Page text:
Times West Virginian
FAIRMONT: The only thing Tafara Ushendibaba knew about Fairmont State University before he enrolled was what his siblings had told him.
His older brother Tatenda and older sister Tendai vouched for the school after making their way from their homeland of Zimbabwe years prior to get an education at the Locust Avenue campus.
“My siblings put in a good recommendation,” Ushendibaba said.
During this weekend’s commencement exercises, Ushendibaba will graduate with a business degree in information systems.
“When I came here to Fairmont State, it was my first time in the country. After seeing the United States in pictures or in movies, I expected a place like New York City,” he said. “To my surprise, Fairmont was the total opposite, but it ended up becoming a place I really enjoy and holds a memorable place in my heart.”
Ushendibaba said he immersed himself at the university and pursued a position as a resident assistant in one of the college residence halls. Ushendibaba spent his first semester as an RA in Bryant Place before moving to University Terrace, where he has lived and worked for the past three years.
“The RA position was an opportunity for me to learn more about people in America from a student point of view,” he said. “Having come far away from home, being an RA enabled me to learn, grow and work on a team. It has given me independence and the chance to provide a safe living learning environment for residents. To me, it’s not just a job; it comes from my heart and my desire to help other students.”
He also joined Chi Alpha, a student organization focused on worship and fellowship. He said Chi Alpha allowed him to grow in his faith while also exploring the country. While at Fairmont State, Ushendibaba participated in a weekend retreat in Washington, D.C. and went on a spring break mission trip to Niagara Falls.
“I had a really fun time doing missionary work and spreading the gospel while hanging out with my friends,” he said.
Ushendibaba also did everything from exploring West Virginia state parks to playing pick-up soccer games in the Falcon Center. He also learned the value of finding quiet near the fountain in the campus quad.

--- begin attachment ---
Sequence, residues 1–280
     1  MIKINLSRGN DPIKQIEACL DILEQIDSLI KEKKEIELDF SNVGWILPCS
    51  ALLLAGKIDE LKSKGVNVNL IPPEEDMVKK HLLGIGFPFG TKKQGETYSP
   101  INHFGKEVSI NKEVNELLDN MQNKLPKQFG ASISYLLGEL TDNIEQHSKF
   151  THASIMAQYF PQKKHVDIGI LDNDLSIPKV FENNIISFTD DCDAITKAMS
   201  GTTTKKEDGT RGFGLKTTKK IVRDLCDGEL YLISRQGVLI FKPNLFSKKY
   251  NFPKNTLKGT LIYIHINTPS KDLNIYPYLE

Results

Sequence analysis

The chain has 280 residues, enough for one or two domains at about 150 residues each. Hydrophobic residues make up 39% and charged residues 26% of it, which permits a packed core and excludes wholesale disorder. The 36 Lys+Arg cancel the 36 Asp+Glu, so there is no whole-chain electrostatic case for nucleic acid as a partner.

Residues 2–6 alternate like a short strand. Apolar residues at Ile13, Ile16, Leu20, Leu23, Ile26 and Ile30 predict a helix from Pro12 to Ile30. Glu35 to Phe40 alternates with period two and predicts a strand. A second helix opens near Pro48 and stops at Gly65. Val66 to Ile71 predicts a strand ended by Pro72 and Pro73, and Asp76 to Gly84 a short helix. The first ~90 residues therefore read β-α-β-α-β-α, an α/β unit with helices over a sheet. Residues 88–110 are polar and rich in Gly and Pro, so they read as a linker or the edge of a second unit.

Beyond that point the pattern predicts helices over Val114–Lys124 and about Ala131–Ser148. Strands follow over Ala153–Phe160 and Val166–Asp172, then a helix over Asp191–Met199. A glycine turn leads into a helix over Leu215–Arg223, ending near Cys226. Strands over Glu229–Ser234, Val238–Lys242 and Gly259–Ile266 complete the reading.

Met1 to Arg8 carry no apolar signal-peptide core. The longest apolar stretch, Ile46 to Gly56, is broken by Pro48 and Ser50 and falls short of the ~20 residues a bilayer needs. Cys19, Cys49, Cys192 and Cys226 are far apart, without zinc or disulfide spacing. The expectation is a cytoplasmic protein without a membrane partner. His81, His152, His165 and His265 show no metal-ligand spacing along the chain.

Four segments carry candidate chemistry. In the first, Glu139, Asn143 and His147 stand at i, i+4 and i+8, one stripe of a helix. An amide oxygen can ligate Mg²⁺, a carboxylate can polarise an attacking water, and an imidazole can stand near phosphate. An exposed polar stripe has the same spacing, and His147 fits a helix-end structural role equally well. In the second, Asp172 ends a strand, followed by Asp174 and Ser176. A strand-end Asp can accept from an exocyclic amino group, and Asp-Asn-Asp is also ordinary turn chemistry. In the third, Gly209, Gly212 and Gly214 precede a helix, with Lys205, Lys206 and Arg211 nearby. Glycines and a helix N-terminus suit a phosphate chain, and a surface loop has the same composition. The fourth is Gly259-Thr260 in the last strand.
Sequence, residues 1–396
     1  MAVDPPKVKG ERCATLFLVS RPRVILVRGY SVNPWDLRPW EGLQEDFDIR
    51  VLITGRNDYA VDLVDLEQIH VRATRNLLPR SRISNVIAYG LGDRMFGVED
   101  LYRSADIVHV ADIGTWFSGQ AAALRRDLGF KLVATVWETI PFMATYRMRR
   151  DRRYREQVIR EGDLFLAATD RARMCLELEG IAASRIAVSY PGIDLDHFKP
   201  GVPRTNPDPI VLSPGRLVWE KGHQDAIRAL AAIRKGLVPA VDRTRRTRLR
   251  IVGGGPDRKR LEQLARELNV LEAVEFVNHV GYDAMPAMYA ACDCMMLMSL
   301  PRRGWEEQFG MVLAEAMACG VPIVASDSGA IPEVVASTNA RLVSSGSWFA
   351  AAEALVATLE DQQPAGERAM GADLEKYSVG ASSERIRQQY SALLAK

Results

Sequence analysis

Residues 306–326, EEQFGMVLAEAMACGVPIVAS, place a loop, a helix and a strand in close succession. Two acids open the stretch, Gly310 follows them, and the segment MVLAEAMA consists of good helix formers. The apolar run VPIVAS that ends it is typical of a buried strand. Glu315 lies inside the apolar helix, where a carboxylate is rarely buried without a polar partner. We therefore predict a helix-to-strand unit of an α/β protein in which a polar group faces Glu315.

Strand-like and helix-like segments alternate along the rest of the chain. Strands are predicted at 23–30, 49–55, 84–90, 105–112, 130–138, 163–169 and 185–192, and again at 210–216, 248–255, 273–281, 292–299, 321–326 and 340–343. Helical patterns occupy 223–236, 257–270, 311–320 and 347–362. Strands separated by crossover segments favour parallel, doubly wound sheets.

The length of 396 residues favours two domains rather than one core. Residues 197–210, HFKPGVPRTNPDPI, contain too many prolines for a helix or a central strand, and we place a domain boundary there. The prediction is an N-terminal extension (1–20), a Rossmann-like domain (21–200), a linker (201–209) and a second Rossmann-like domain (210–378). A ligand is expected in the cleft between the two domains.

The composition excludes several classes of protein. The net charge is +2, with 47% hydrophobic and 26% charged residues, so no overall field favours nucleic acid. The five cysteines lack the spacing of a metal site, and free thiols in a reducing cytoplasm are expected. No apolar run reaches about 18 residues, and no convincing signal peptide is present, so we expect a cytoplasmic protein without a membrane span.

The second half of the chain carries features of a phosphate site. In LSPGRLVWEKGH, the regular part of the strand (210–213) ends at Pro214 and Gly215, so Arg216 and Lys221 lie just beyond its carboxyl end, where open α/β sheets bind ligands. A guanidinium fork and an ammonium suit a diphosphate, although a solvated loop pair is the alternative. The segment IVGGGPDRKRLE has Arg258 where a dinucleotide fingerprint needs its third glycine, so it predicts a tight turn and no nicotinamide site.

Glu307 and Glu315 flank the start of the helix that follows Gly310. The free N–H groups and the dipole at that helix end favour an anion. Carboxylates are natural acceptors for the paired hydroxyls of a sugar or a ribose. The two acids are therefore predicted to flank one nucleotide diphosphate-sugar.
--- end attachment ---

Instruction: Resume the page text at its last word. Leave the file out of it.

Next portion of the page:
He said he gained valuable experience serving as a tech commons worker, which allowed him to apply what he was learning in class.
“It’s a field I’m really passionate about,” Ushendibaba said. “I’m interested in the impact of implementing technology into an organization, and I’ve had experiences with that both in class and from the work I do at the student help desk.”
After graduation, Ushendibaba hopes land a job designing software applications and systems.
As he preps for own personal ‘mountaintop experience’ in the Mountain State by turning his tassel this weekend, he encourages future students to stay focused.
“Have fun, but remember what you’re here for,” he said. “Get good grades and earn some work experience. These four years will determine how far you go in the long run, so plan wisely.”
About 400 students will receive their diplomas in ceremonies that began Friday and run through Sunday.
It begins at 9 a.m. Saturday, with the School of Nursing Commencement and Pinning Ceremony. At Noon, graduates from the School of Education, Health & Human Performance and Regents Bachelor of Arts will have their commencement ceremony.
And, on Sunday, commencement begins at Noon for the College of Liberal Arts and at 3 p.m., students from the School of Business and Aviation will have their commencement.